Brighton (/ˈbraɪtən/) is a seaside resort in the county of East Sussex. It is a constituent ration of the city of Brighton and Hove, created from the formerly remove towns of Brighton and Hove. Brighton is located upon the south coast of England, positioned 47 miles (76 km) south of London.
Archaeological evidence of concurrence in the area dates incite to the Bronze Age, Roman and Anglo-Saxon periods. The ancient deal of “Brighthelmstone” was documented in the Domesday Book (1086). The town’s importance grew in the Middle Ages as the Old Town developed, but it languished in the early enlightened period, affected by foreign attacks, storms, a suffering economy and a declining population. Brighton began to attract more visitors taking into consideration improved road transport to London and becoming a boarding tapering off for boats travelling to France. The town along with developed in popularity as a health resort for sea bathing as a purported cure for illnesses.
In the Georgian era, Brighton developed as a trendy seaside resort, encouraged by the patronage of the Prince Regent, later King George IV, who spent much era in the town and build up the Royal Pavilion in the Regency era. Brighton continued to accumulate as a major centre of tourism taking into consideration the beginning of the railways in 1841, becoming a popular destination for day-trippers from London. Many of the major attractions were built in the Victorian era, including the Grand Hotel, the Hilton Brighton Metropole, the Palace Pier and the West Pier. The town continued to build up into the 20th century, expanding to incorporate more areas into the town’s boundaries before joining Hove to form the unitary authority of Brighton and Hove in 1997, which was arranged city status in 2000. Today, Brighton and Hove district has a resident population of approximately 290,395 and the wider Brighton and Hove conurbation has a population of 474,485 (2011 census).[note 1]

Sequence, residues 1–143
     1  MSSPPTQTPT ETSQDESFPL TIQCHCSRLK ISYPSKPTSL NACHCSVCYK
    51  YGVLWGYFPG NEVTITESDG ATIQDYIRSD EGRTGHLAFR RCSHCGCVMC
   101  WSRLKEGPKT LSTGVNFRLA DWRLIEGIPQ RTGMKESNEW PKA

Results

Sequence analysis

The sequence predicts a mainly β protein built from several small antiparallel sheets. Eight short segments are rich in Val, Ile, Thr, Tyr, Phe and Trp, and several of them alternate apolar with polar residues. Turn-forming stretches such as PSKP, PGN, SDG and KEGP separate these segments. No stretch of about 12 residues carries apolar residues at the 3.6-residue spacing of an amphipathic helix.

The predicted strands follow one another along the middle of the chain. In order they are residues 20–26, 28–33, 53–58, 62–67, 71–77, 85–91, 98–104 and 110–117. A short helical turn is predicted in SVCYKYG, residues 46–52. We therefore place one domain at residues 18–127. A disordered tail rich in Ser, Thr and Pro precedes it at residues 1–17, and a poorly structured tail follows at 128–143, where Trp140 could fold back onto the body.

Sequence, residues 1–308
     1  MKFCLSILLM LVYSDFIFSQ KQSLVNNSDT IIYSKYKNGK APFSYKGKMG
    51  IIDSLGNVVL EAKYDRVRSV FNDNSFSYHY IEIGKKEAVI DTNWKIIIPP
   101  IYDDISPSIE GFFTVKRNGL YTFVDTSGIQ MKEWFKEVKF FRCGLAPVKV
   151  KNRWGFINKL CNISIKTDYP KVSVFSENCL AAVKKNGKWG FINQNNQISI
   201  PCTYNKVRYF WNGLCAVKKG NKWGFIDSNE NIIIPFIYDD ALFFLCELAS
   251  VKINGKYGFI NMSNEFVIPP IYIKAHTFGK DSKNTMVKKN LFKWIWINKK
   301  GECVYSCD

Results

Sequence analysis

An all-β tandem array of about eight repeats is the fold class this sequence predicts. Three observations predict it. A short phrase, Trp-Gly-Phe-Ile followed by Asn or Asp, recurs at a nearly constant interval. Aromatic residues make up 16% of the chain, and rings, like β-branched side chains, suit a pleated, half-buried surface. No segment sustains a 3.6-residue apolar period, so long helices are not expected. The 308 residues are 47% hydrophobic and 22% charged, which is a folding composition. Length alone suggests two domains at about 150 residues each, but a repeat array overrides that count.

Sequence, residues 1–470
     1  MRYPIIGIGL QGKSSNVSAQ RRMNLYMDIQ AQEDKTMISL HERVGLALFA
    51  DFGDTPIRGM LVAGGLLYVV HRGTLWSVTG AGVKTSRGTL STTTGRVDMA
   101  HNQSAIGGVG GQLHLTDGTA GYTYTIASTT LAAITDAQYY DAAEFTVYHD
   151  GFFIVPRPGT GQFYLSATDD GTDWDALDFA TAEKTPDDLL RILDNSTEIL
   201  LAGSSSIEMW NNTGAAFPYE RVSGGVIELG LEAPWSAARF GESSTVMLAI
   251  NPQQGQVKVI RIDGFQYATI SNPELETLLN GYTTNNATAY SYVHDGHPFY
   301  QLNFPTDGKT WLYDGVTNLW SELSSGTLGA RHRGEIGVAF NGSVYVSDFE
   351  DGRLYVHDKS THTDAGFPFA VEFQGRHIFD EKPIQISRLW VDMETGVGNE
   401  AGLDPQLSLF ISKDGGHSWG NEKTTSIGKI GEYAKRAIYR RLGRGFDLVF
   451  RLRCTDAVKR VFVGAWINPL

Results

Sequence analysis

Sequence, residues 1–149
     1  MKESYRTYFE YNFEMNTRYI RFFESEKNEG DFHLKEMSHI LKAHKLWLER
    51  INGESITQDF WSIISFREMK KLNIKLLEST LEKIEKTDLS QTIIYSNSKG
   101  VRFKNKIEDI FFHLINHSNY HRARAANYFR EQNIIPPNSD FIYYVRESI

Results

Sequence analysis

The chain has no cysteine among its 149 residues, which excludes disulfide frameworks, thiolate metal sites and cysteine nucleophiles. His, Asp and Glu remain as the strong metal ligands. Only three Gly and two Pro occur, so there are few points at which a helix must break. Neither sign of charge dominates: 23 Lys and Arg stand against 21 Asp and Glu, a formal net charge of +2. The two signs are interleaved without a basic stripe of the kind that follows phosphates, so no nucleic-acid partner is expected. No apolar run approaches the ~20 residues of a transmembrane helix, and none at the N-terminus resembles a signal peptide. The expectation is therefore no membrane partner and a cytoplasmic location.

Brighton’s location has made it a popular destination for tourists, renowned for its diverse communities, quirky shopping areas, large cultural, music and arts scene and its large LGBT population, leading to its admission as the “unofficial cheerful capital of the UK”. Brighton attracted 7.5 million hours of daylight visitors in 2015/16 and 4.9 million overnight visitors, and is the most popular seaside destination in the UK for overseas tourists. Brighton has been called the UK’s “hippest city” and “the happiest place to alive in the UK”. Along in the same way as Norwich, Brighton was confirmed one of the UK’s most ‘Godless’ cities.